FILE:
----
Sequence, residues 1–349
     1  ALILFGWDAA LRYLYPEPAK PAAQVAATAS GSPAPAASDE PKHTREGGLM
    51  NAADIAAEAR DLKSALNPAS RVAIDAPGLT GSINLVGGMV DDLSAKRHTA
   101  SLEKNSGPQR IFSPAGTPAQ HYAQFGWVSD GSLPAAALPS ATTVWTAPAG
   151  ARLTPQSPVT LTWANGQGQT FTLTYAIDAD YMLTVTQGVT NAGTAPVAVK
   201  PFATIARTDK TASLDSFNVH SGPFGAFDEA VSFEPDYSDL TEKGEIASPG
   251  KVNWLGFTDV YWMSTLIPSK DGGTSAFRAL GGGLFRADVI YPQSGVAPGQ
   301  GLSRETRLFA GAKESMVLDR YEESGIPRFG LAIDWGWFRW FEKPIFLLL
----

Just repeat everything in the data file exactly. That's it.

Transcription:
Sequence, residues 1–349
     1  ALILFGWDAA LRYLYPEPAK PAAQVAATAS GSPAPAASDE PKHTREGGLM
    51  NAADIAAEAR DLKSALNPAS RVAIDAPGLT GSINLVGGMV DDLSAKRHTA
   101  SLEKNSGPQR IFSPAGTPAQ HYAQFGWVSD GSLPAAALPS ATTVWTAPAG
   151  ARLTPQSPVT LTWANGQGQT FTLTYAIDAD YMLTVTQGVT NAGTAPVAVK
   201  PFATIARTDK TASLDSFNVH SGPFGAFDEA VSFEPDYSDL TEKGEIASPG
   251  KVNWLGFTDV YWMSTLIPSK DGGTSAFRAL GGGLFRADVI YPQSGVAPGQ
   301  GLSRETRLFA GAKESMVLDR YEESGIPRFG LAIDWGWFRW FEKPIFLLL